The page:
Feel free to suggest other resources.

If you are working with Sublime Text 2/3 and you want to be able to see live changes on your HTML/CSS layout, follow the steps below:

  1. Find and install a new package from SublimeText called “LiveReload”. Set "save_on_focus_lost" :true in user settings to enable auto save functionality.

  2. Add LiveReload Chrome extension which you will have to enable in order to activate LiveRecord on page you are working at. Make sure to select in extensions management screen ” Allow access to file URLs” to enable this functionality on local files as well.

  3. Install and run free livereload node.js server by running the following terminal commands:

$ npm install -g livereload
$ livereload [path]

I just wanted to tell you about a very cool and groundbreaking test automation UI which was developed by Maxim Guienis, my friend from eToro. It was designed for specific eToro needs to provide an easy “wizard like” tool for QA to write automatic UI tests.

It is called APPLENIUM (APPium + seLENIUM) and it uses Appium and Selenium frameworks as helpers to make mobile and web testing easy.

Find the source code or get more information about it on his blog.

Some interesting numbers based on my LinkedIn research I did related to choosing startup technology stack considering current situation on local market.

To get the data I just used Linked search and gave programming language name as keyword and filtered the results by location.

Hope you find it interesting and useful for you.

Do you think LinkedIn reflect the reality? Let me know what you think.

I spend few hours recently to learn about Vagrant and Ansible to understand better how these tools work together. I’m really excited of potential hiding behind them. Unfortunately not many developers/companies know these tools and using them. So I wanted to share with you what I learned and hope it will help you to discover a concept called “Infrastrucutre as a code” if you didn’t know about it before.


Basically Vagrant provides you with functionality to create, provision and configure your own isolated development environment. It can be a single machine or number of machines connected in private network. Depends on your application infrastructure. All it does is creates on your laptop a defined set of virtual machines using (by default) VirtualBox. These machines actually defines your development environment.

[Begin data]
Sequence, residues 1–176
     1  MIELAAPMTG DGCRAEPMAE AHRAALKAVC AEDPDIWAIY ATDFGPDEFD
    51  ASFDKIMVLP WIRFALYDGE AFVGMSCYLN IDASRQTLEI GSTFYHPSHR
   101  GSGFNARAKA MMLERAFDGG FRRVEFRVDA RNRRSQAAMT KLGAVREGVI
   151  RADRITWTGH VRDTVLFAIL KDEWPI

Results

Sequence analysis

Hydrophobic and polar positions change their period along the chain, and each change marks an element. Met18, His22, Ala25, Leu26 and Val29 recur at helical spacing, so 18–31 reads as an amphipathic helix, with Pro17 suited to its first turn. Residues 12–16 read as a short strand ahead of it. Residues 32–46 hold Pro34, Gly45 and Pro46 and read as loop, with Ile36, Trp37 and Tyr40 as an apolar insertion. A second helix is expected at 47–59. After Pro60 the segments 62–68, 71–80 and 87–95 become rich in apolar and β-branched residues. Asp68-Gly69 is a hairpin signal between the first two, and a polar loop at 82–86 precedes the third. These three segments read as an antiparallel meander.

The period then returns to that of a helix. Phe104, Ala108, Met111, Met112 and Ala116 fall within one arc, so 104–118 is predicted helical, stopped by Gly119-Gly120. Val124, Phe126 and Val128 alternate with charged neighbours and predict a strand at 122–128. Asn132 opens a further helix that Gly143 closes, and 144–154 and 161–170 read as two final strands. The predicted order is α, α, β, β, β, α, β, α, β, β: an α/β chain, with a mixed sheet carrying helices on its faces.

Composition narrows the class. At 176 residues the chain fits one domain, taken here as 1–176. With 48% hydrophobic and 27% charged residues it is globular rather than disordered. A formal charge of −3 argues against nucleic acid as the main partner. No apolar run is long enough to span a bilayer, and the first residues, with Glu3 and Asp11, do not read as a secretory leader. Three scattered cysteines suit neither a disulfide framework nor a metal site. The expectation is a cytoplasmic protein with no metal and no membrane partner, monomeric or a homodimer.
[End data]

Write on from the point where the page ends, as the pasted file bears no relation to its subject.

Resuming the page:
Vagrant saves its configuration in Vagrantfile which is stored as part of your projects root. It should be also saved in source control as part of your project as it defines how your environment look like and how to create it from scratch if needed. Click here to see how a typical Vagrant file looks like.

Vagrantfile includes:

  • Definition of your VMs (which boxes: Linux, Windows, etc…)
  • Network settings (port forwarding, private network, etc…)
  • Provisioning (how to setup a VM after creation from clean box)
  • and more other but less useful stuff…

I won’t dive into more details. I hope you got the point and if you want to read more about why using Vagrant and what does it provide, you can go here.


Ansible is a lightweight, simpler and easier to on board alternative for widely known Chef and Puppet configuration management tools. Like their big brothers its mission is to allow smart provisioning, deployment and configuration management of servers.

Ansible uses a hosts file to define how your environment look like. You can create groups of identical servers as well. Groups are good to define a set of similar machines for later mass provisioning. Example of such file can be found here.

Ansible saves its configuration in YAML files called “playbooks” which actually defines how to provision server or number of servers. Example of such file can be found here.

Same as with Vagrant, you save these YAML files along side with your project, because they define how to build your environment.

You can read more about why using Ansible and what does it provide here.

Vagrant and Ansible integration

Vagrant as part of its configuration knows to call Ansible playbooks to provision the VMs that where created. It also automatically creates a hosts file to define the environment for Ansible and to make sure you will be able to provision the Vagrant machines from your laptop.

I don’t know if you heard the term “Infrastructure as a code”, but these tools actually does exactly that. Which means that you are writing code to define your infrastructure, saving it as part of source control and that you will be able to re-create it at any given time. Whenever it is in development, testing or production environments. That gives you great power to keep your environment infrastructure consistent, testable and repeatable!

Hope it was useful and made you think about how you should work. :)

I created the following example for you in GitHub if you want to play with it a little: